The population of the North Shore doubles during the winter surf season, and traffic often backs up near beaches visible from the road as rubbernecking drivers find wave-watching irresistible. (Residents are the worst offenders.) During those times when the waves don’t materialize during the winter, you’ll see them bumming hard core, brah. The pulse rate of the North Shore slows considerably when the surfing season dies down in the spring. Laid back and casual becomes the order of the day.
The center of the island is defined by the large plain between the two volcanoes that created the island. It’s dominated by two things—large pineapple fields and even larger military bases. Most people simply blow through on their way to and from the north shore. But one part of it remains on almost everyone’s bucket list, Pearl Harbor.
Pearl Harbor is named after the many pipi (Hawaiian oysters) that used to grow here. Visiting ships from the late 1700s described abundant pearls found in this harbor. A visitor in 1810 wrote that the king had discovered the pearls’ value to the outside world and employed numerous divers to pluck the oysters from their shallow beds. By the end of the 1800s over-harvesting and runoff from nearby cattle operations had virtually eliminated the pearl oysters, but the name Pearl Harbor lives on, and its Hawaiian name, Pu‘u-loa (long hill), is scarcely known, even among Hawaiians.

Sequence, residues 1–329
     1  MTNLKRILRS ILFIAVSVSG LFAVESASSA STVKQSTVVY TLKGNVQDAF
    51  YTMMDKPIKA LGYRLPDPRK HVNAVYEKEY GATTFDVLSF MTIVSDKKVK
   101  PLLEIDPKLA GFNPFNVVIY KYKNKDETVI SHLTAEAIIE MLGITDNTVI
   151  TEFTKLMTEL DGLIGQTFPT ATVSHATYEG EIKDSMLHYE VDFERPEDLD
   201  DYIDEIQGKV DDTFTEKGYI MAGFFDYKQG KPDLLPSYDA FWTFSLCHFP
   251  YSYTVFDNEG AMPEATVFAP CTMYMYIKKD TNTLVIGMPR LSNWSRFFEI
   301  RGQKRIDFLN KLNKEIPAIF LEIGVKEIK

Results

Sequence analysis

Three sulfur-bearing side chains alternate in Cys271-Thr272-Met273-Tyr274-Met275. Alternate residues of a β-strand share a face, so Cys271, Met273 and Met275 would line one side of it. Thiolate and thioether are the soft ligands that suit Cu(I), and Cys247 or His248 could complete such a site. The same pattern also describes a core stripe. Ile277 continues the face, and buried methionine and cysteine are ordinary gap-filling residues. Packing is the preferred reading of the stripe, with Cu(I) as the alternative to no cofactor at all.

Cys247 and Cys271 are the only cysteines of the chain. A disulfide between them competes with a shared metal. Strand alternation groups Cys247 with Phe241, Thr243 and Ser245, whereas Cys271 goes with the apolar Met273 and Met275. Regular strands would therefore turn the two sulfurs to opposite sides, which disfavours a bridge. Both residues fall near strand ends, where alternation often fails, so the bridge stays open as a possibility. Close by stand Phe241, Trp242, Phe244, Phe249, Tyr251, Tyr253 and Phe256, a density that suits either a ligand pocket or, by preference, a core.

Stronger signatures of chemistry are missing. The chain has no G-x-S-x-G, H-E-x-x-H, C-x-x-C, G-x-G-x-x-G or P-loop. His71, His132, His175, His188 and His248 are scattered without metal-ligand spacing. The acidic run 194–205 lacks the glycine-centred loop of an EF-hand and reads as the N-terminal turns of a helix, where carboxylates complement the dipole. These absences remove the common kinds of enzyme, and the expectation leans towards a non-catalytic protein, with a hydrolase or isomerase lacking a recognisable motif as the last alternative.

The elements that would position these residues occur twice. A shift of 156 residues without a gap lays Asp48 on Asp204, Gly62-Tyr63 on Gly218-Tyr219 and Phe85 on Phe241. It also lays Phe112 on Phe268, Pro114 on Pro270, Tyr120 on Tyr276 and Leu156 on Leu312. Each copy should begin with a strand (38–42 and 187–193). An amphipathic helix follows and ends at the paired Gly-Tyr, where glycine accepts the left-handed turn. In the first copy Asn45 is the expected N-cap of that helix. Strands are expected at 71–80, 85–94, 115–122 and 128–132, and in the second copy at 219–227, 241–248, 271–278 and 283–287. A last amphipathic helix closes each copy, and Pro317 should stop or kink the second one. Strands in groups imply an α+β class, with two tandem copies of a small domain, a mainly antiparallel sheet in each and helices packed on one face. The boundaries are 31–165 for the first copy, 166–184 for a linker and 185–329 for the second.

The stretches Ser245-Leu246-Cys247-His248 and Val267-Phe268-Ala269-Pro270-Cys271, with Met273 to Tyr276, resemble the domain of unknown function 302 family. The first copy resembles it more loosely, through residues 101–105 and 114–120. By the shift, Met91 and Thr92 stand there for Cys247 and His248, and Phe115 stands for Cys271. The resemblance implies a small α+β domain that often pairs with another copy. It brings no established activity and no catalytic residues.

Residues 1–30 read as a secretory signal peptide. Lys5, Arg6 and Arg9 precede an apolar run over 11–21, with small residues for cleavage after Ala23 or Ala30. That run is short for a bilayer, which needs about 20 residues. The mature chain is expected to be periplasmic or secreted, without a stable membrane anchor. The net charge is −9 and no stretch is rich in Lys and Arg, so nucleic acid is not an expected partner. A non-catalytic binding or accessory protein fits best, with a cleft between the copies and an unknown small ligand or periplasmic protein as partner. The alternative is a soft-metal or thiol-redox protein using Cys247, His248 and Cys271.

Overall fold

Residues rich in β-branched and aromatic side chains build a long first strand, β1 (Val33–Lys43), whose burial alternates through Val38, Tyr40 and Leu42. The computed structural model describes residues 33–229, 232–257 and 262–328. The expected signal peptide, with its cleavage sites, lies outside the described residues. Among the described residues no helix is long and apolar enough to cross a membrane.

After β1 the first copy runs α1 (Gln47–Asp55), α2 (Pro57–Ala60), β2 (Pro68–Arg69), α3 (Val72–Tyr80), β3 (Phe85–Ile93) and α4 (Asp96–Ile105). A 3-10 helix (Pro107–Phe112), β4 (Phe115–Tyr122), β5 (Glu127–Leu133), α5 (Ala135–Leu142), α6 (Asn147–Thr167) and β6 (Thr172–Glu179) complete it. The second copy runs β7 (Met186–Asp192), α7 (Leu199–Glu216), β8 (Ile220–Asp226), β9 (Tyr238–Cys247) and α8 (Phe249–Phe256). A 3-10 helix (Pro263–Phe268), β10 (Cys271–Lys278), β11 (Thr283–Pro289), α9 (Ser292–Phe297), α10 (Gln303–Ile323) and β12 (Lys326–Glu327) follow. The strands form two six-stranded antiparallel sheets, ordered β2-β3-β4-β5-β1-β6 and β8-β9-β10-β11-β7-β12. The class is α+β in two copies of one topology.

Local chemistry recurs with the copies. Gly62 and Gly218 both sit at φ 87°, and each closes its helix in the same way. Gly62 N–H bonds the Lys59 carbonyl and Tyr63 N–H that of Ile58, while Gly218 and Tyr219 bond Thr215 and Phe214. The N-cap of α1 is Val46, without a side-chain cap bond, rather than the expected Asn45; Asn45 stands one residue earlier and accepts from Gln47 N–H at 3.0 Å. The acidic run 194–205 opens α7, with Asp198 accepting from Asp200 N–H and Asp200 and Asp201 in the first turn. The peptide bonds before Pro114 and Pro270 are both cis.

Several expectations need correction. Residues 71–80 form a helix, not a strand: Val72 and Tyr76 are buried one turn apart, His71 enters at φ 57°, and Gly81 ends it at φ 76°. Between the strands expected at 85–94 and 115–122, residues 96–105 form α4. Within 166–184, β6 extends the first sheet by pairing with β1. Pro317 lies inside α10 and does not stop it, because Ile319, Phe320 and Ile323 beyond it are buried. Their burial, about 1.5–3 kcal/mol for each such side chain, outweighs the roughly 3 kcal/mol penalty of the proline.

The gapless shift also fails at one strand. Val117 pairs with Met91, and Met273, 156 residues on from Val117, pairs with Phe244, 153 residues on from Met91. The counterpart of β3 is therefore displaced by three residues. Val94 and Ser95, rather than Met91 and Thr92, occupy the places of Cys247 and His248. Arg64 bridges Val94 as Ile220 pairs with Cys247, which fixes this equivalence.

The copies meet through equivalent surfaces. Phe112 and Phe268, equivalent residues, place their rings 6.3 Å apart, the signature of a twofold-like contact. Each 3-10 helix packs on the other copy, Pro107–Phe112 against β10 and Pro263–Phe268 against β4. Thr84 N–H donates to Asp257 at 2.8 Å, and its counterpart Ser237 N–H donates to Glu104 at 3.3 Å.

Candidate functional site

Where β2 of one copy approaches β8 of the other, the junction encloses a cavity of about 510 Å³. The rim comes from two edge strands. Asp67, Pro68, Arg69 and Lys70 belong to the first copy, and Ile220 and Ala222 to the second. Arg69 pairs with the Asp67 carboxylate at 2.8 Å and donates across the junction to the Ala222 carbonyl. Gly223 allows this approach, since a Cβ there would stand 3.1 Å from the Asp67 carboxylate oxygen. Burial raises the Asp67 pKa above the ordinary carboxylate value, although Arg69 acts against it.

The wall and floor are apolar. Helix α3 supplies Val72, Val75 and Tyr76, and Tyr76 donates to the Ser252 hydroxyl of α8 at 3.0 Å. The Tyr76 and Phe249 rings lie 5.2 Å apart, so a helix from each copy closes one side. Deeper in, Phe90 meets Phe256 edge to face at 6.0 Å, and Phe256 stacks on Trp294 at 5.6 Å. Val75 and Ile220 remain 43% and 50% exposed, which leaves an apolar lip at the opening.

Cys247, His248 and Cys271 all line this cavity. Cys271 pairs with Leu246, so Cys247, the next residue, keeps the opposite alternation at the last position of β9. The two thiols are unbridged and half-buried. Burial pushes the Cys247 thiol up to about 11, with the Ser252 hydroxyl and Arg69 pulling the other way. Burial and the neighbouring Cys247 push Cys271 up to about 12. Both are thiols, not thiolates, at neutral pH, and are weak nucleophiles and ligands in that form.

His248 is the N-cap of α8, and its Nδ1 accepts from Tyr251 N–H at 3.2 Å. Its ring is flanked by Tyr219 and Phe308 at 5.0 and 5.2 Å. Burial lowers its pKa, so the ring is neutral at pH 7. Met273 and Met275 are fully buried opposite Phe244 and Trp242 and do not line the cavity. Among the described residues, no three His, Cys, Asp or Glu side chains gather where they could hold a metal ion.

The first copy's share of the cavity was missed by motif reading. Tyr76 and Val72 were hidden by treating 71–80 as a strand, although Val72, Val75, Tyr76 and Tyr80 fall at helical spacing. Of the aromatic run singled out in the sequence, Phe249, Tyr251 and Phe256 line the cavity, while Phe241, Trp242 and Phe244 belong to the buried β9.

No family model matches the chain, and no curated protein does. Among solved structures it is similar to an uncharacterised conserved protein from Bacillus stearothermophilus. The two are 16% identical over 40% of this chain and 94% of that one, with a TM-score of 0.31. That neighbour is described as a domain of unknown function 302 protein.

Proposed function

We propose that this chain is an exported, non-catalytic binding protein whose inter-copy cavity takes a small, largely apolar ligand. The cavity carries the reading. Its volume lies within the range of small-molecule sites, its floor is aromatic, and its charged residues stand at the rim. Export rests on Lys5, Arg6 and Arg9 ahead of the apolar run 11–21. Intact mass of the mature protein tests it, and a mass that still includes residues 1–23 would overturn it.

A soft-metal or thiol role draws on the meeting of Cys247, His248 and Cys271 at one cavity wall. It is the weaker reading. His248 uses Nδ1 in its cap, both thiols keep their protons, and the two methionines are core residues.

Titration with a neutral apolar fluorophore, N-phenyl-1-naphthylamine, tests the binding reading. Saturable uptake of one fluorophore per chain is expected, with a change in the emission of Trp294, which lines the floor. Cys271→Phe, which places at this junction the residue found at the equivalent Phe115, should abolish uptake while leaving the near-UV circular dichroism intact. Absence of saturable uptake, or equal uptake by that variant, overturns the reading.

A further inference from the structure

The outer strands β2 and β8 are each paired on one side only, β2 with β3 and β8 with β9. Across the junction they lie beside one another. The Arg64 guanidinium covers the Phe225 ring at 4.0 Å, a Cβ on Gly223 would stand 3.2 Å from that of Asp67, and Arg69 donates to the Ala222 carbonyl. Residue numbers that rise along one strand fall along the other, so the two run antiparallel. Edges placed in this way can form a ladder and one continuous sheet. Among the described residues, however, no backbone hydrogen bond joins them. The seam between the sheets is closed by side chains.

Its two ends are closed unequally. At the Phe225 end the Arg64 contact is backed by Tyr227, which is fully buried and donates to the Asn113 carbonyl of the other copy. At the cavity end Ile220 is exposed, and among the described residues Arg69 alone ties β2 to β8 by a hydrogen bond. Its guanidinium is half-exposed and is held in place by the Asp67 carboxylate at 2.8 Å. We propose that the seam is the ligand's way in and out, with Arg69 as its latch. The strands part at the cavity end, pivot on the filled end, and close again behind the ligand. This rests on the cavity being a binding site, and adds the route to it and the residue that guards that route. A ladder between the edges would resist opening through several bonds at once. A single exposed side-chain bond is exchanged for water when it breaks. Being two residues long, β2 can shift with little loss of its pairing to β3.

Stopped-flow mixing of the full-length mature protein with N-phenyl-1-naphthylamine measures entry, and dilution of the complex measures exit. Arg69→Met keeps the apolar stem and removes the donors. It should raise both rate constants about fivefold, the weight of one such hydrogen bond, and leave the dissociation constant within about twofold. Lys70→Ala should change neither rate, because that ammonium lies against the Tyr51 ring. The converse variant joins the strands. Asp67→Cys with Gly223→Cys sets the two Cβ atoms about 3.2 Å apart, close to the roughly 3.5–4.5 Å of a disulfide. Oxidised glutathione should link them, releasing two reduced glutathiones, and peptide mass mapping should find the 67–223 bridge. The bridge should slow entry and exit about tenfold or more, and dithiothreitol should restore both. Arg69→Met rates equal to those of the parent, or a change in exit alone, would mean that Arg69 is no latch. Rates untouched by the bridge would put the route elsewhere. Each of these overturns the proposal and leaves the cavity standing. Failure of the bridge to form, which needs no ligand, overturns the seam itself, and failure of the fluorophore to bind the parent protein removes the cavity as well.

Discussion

The deep harbor lagoon is separated into three lochs protected from the open ocean by a channel. Even those without any military knowledge can see the strategic importance of controlling such a vast, sprawling, protected harbor to safely park numerous large ships of war. The large island inside the harbor is called Ford Island, which houses some officers and crewmen stationed at Pearl Harbor.
In ancient times, Ford Island had an entirely different purpose. It was called Moku‘ume‘ume, meaning island of the sexual game. In those days, if a commoner couple had trouble conceiving a child, they came here. Large groups gathered around a fire, couples sitting apart. A master of ceremonies would go up to a man, tap him with a maile wand, then tap a randomly selected woman, and together they went off into the darkness to share the night. If a child was conceived, it was regarded as the offspring of the husband, not the biological father. If no child was conceived, they’d head back to this island to give it a whirl again.